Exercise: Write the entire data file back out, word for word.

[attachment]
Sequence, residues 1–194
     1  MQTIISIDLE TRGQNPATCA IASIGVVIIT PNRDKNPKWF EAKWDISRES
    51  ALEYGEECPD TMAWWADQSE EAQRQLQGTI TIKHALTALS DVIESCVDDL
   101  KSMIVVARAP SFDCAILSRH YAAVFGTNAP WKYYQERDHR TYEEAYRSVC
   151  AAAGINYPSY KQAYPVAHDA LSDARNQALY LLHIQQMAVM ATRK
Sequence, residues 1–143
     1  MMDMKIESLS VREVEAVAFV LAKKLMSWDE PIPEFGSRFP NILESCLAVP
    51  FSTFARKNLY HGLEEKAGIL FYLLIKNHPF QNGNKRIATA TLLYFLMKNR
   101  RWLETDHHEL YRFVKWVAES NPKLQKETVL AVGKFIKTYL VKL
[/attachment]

Sequence, residues 1–194
     1  MQTIISIDLE TRGQNPATCA IASIGVVIIT PNRDKNPKWF EAKWDISRES
    51  ALEYGEECPD TMAWWADQSE EAQRQLQGTI TIKHALTALS DVIESCVDDL
   101  KSMIVVARAP SFDCAILSRH YAAVFGTNAP WKYYQERDHR TYEEAYRSVC
   151  AAAGINYPSY KQAYPVAHDA LSDARNQALY LLHIQQMAVM ATRK
Sequence, residues 1–143
     1  MMDMKIESLS VREVEAVAFV LAKKLMSWDE PIPEFGSRFP NILESCLAVP
    51  FSTFARKNLY HGLEEKAGIL FYLLIKNHPF QNGNKRIATA TLLYFLMKNR
   101  RWLETDHHEL YRFVKWVAES NPKLQKETVL AVGKFIKTYL VKL